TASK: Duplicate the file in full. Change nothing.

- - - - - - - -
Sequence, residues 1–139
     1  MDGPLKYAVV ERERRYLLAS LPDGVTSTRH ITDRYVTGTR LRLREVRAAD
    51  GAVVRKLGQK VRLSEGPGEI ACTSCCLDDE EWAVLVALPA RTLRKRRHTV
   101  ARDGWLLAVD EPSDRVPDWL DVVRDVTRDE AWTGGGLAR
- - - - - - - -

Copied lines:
Sequence, residues 1–139
     1  MDGPLKYAVV ERERRYLLAS LPDGVTSTRH ITDRYVTGTR LRLREVRAAD
    51  GAVVRKLGQK VRLSEGPGEI ACTSCCLDDE EWAVLVALPA RTLRKRRHTV
   101  ARDGWLLAVD EPSDRVPDWL DVVRDVTRDE AWTGGGLAR